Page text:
By Kate Hawkins
We’re big fans of Health Systems Global and the symposium that they hold every couple of years. Their next conference is coming up in November in Vancouver and we hope you will join us there to find out more about the work we are doing on community health workers. Details of our poster presentations will be released shortly, but you can put the dates of our panel sessions in your diary right now!
We all want to improve the quality of health services – but how can we do it in practice? This session will explore the challenges to embedding quality improvement in close-to-community programmes in Bangladesh, Kenya, and Malawi and suggest some way they can be overcome.
Recent investments and support to community health workers (CHWs) and other close-to-community services are to be welcomed, not least because these programmes provide a valuable link between communities and the health system and can foster a more effective approach to the social determinants of health and universal health coverage. However, scale up of services without a simultaneous focus on addressing quality will have limited impact on population health and has the potential to further entrench inequality.
Multiple project-led quality improvement initiatives in community health programmes have been shown to be effective in temporarily increasing CHW performance and effectiveness. This is particularly the case for programmes that describe tasks in a single disease area, where proven effectiveness of narrowly focused interventions is not sustained after the end of donor or research funding.
The challenge now it is to transition knowledge from these individual quality improvement efforts to a district-led health systems approach to embedding quality that ensures the local ownership of data collection, analysis and use for quality efforts at community level and is able to negotiate and sustain this in a complex system.
Some health programmes which are technically sound fail to deliver the expected change or results; a lack of institutional and political capacity to deliver reform can help explain some of these problems. Understanding how political structures, power relations and historic legacies shape the motivations of different stakeholders and the behaviours within systems is therefore an important piece of the puzzle, alongside considering the financing gaps or technical understanding of what works for health reforms. This means looking at the incentives and norms that explain why and how heath systems operate as they do – in other words, the political economy of those systems.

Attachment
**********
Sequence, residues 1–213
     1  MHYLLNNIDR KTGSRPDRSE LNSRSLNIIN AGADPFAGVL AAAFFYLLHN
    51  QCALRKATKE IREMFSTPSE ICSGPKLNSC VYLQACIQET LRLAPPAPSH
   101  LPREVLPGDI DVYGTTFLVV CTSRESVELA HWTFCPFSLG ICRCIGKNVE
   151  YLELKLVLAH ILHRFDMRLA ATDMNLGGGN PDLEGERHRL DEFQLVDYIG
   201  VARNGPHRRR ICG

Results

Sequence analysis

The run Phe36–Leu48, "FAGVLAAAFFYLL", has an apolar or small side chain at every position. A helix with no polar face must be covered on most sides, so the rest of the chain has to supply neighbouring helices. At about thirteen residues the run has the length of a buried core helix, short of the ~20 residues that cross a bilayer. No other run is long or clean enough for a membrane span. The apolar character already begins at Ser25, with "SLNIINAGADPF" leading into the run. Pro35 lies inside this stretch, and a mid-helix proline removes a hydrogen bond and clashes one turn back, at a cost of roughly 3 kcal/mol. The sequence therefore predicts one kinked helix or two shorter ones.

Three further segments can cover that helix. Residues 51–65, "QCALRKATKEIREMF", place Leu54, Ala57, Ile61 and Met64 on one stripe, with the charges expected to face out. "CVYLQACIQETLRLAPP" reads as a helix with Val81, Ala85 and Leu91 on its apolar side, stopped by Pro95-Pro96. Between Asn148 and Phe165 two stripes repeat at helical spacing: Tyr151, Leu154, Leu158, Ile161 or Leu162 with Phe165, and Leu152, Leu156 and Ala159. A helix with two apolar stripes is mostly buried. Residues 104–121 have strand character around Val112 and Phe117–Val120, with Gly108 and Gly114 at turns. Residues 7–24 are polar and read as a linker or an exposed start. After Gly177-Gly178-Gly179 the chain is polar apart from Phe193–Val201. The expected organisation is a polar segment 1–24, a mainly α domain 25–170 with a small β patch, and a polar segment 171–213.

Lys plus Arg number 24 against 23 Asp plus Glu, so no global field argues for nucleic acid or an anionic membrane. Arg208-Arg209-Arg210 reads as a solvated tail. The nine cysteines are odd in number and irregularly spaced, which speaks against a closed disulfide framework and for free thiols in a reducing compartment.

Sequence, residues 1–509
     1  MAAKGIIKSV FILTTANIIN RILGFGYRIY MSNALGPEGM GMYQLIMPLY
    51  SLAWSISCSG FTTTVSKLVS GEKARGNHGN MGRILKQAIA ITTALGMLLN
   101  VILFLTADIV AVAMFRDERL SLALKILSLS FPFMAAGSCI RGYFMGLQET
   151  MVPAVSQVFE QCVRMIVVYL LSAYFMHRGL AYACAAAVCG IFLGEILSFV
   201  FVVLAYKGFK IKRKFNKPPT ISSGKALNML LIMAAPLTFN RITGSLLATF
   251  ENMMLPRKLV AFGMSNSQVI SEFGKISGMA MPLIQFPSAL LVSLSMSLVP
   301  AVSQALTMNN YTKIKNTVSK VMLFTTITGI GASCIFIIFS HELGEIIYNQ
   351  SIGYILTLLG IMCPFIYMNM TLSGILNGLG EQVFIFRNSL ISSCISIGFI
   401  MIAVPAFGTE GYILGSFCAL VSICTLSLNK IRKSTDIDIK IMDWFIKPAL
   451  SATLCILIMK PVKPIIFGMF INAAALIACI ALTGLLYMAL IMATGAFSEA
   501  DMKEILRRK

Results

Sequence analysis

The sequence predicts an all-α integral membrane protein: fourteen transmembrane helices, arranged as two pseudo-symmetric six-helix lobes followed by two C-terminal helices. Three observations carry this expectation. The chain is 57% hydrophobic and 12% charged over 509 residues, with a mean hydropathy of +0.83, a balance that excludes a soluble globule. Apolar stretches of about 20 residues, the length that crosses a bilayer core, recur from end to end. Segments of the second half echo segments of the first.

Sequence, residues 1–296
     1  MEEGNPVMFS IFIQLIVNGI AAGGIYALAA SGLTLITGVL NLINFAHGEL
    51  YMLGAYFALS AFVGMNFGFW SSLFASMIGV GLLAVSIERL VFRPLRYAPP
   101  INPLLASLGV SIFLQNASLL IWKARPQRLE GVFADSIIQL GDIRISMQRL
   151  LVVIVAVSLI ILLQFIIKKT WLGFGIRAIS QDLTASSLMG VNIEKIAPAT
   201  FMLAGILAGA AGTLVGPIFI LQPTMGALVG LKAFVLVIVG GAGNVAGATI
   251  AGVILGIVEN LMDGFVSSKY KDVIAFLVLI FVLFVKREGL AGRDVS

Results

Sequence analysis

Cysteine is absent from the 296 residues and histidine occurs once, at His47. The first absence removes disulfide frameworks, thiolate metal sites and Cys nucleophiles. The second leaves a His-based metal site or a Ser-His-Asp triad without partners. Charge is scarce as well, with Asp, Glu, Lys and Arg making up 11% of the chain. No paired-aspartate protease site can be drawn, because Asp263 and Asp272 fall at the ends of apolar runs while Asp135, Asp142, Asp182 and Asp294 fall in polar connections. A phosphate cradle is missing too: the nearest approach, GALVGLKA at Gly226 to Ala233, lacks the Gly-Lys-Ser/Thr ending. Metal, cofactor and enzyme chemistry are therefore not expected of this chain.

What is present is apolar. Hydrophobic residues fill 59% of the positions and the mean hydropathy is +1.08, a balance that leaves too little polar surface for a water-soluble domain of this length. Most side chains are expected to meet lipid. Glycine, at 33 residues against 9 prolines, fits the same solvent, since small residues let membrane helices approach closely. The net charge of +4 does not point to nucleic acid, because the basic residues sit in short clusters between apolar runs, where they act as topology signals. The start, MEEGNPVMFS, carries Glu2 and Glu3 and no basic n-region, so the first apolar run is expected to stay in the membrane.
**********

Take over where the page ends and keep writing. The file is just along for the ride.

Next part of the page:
The purpose of this session is to use case studies to explore the complexities of embedding quality improvement efforts in community health programmes in Africa and Asia and discuss how these efforts can be designed to ensure sustainability.
Community health workers (CHWs) play a central role in linking communities to health systems and thereby making health systems more people-centered. This panel session focuses on the need and strategies for strengthening the voices of CHWs, which are essential in building resilient and responsive health systems.
Over the last decade, the role of CHWs within health systems in low- and middle-income countries has gained interest. CHWs can connect communities to health facilities, increase access to health services for underserved populations and improve population health outcomes related to HIV/AIDS, maternal and child health. CHWs often work in a context of poor infrastructure and constrained resources. Even in highly fragile settings or during disasters, CHWs have demonstrated to be invaluable frontline health workers, playing a role in emergency response, health promotion, social mobilization and referral. The Ebola epidemic in West Africa has proven once again the important role that CHWs have for building resilient and responsive health systems. To be able to maintain and expand this role, there is a need to identify strategies for strengthening the voice and engagement of CHWs.
The purpose of this session is to explore what research, policy and practice can do to enhance the voice of community health workers in building resilient and responsive health systems. The session will highlight personal stories from CHWs in the field in various health system settings and experience of active engagement of CHWs in health system research.
The session falls under the thematic area of new partnerships and collaborations for health systems research and development. Recently, research has increasingly included voices of CHWs, to gain in-depth knowledge on how policies, programmes and interventions could be shaped to optimize CHW performance and enhance their role in building resilient and responsive health systems. Still, CHWs’ voices are often unheard. The session will discuss to what extent CHWs’ voices are taken on board in policy making, programme development and overall learning, and issues to take into account to ensure meaningful participation that supports the role of CHWs. The session will present various case studies in which CHWs take the floor, after which learning points will be discussed on strategies for strengthening the voices of CHWs in building resilient and responsive health systems.
This project is funded by the European Union.